Patriarchy in the Jamaica Constabulary Force: Its Impact on Gender Equality

Patriarchy in the Jamaica Constabulary Force: Its Impact on Gender Equality

Patriarchy in the Jamaica Constabulary Force: Its Impact on Gender Equality

Patriarchy in the Jamaica Constabulary Force: Its Impact on Gender Equality

Excerpt

There is tension between social citizenship for women and their identification as nurturers and care givers. The entry of women into areas of the public sphere such as the police force and the military is generally perceived as unnatural for this sex, even while women have made strides in areas such as education, mothering and the instruction of the young. In her book, Does Khaki Become You? published in 1983, Cynthia Enloe revealed the contradiction raised in society by women's entry into such areas as the militarized forces. The militarized images of masculinity are entirely consistent with the protector role forced upon men, and reassuring to society that women and children are at home, safely off the streets or away from the battlefront. In the 1990s, the image of the uniformed policewoman, while no longer an unusual sight, still carries with it a certain contradiction. Where and what exactly are women doing in a service which is geared towards protection of citizens, involving danger, and at times requiring the use of violent force?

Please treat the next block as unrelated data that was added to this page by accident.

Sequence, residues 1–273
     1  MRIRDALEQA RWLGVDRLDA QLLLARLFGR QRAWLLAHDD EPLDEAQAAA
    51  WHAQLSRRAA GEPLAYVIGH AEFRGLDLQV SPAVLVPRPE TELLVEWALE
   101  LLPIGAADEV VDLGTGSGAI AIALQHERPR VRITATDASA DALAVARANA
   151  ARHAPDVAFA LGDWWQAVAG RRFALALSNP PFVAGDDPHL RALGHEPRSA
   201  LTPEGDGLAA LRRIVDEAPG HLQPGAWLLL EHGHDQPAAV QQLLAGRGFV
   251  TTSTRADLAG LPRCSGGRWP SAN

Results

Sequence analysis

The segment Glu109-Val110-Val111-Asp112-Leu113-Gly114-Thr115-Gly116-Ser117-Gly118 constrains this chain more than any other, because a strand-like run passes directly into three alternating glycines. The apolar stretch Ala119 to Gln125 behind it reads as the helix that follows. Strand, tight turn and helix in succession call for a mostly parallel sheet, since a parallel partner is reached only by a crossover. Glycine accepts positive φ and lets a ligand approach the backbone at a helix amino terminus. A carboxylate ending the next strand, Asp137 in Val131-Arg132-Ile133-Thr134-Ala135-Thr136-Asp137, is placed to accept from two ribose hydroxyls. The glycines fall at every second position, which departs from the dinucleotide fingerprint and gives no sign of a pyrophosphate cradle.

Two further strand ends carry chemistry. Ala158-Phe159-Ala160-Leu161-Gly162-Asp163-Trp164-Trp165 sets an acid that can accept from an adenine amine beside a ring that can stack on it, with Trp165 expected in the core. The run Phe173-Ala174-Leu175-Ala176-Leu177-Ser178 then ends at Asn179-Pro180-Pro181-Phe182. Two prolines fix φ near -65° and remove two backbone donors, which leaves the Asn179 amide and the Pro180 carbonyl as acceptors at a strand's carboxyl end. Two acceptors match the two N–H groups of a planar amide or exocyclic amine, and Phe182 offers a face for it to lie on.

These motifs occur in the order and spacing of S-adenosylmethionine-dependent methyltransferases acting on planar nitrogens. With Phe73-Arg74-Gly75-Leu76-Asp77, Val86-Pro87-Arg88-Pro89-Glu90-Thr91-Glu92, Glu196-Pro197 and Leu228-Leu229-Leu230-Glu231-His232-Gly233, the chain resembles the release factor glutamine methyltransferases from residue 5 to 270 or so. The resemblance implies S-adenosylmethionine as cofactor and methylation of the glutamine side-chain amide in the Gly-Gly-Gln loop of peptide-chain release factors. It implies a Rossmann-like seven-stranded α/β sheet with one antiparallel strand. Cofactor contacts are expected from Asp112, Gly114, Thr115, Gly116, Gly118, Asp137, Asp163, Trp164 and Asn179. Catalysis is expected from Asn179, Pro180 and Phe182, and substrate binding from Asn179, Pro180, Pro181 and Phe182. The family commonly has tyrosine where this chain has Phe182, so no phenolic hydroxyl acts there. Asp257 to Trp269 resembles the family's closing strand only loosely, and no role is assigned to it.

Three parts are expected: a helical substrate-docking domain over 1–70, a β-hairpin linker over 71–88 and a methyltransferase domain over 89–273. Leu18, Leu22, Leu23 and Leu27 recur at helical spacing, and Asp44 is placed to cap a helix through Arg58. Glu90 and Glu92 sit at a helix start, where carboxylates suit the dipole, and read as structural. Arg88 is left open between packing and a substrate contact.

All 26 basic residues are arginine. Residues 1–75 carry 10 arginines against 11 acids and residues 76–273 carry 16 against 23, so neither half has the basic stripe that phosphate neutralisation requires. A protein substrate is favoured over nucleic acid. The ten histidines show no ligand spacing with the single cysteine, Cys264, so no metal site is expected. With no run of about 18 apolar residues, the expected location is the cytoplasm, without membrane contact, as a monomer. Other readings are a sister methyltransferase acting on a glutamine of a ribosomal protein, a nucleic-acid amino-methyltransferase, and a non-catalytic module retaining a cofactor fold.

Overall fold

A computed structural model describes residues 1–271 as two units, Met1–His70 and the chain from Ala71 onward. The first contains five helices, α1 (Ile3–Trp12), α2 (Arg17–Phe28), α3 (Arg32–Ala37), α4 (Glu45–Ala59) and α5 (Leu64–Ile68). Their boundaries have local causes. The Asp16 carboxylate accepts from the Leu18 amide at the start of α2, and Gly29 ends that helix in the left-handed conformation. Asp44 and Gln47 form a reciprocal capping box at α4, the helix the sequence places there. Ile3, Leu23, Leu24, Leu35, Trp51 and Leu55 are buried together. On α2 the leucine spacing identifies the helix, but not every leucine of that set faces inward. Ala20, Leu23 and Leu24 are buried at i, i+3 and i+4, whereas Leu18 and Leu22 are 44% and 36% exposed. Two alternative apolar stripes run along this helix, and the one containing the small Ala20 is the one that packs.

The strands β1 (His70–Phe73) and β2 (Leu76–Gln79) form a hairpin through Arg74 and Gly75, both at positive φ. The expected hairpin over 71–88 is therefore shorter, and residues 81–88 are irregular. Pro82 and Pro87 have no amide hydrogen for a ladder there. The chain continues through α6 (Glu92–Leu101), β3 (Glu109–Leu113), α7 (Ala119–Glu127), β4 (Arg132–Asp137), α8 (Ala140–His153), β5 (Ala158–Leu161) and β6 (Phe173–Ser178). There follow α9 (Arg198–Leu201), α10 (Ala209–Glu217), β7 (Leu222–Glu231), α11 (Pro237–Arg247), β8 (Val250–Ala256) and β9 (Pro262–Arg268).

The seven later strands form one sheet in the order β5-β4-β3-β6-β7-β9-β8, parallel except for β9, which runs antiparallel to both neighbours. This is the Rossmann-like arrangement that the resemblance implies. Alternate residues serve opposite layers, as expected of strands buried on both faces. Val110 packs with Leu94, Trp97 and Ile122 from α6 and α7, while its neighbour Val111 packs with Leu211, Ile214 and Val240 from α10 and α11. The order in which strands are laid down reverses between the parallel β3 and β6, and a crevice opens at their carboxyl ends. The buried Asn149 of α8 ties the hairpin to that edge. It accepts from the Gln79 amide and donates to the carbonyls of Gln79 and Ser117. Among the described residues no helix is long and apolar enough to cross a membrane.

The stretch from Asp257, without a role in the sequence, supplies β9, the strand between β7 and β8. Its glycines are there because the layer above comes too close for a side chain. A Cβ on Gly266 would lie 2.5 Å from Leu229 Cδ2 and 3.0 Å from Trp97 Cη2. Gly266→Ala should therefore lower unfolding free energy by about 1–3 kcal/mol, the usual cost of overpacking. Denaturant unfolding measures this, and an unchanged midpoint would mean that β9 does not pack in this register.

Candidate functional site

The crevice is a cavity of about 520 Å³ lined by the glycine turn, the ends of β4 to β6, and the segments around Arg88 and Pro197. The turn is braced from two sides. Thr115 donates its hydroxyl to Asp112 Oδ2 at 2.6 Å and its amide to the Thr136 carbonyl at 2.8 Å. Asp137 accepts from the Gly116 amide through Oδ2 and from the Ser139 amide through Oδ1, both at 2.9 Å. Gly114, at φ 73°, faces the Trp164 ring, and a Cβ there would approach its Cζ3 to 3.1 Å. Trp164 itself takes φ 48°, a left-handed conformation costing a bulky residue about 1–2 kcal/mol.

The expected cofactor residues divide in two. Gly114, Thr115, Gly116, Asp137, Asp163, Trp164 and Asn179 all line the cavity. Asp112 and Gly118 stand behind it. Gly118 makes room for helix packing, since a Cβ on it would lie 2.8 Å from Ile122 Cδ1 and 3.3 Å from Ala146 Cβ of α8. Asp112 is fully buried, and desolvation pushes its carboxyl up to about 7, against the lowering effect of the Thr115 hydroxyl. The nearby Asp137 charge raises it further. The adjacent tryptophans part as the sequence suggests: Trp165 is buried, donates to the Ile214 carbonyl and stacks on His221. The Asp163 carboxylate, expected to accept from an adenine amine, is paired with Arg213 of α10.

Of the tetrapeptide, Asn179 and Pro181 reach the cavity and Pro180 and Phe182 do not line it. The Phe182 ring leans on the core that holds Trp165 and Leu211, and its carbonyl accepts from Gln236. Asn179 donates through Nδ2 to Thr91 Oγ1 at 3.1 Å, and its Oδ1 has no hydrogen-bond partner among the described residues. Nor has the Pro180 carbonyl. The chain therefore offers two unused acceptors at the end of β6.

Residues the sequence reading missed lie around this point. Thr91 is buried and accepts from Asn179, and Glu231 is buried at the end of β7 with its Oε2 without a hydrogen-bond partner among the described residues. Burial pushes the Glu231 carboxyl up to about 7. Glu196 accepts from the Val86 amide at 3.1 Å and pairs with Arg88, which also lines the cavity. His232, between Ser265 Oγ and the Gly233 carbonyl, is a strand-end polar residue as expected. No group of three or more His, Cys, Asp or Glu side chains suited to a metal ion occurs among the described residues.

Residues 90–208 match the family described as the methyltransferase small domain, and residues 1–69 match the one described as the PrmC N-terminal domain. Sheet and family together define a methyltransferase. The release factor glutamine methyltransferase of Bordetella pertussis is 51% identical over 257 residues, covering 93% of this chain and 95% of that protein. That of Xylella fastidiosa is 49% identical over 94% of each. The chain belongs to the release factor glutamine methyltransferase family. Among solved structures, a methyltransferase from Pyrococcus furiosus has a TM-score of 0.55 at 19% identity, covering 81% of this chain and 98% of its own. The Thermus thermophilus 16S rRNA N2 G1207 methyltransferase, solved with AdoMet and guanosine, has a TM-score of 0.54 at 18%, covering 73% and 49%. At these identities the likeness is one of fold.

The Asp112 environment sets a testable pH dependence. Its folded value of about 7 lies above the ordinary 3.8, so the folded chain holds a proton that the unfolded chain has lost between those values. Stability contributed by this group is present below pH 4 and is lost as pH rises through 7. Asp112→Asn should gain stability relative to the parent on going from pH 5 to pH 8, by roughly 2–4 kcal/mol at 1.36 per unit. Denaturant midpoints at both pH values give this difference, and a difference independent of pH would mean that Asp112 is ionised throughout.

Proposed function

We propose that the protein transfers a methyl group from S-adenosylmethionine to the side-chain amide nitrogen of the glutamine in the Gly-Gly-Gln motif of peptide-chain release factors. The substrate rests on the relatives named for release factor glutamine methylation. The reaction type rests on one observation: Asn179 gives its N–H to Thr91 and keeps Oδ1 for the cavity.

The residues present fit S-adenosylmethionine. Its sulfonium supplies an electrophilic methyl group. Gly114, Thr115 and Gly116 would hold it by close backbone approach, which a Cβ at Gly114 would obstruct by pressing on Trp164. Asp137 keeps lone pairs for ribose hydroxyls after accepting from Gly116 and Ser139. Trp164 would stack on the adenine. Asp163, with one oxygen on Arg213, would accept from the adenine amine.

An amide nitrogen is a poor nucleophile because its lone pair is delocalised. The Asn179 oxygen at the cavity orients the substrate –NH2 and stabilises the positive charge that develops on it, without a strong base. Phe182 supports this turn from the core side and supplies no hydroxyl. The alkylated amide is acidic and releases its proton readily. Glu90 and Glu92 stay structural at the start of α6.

Very few studies have attempted to examine either the role or potential for women in such male oriented areas as the police force, both in the Caribbean and elsewhere. Gladys Brown-Campbell is one of the first policewomen to have done several courses in women and gender studies at the University of the West Indies. She selected this topic as her Caribbean Studies thesis in the final year of her undergraduate degree.

Her experience in the police force and easier access to interviews provided her with one of the best vantage points from which to carry out this research. Brown-Campbell looks at the position of women in the Jamaican Constabulary Force from the point of view of a persistent patriarchy which, due to the relative newness of the entry of . . .

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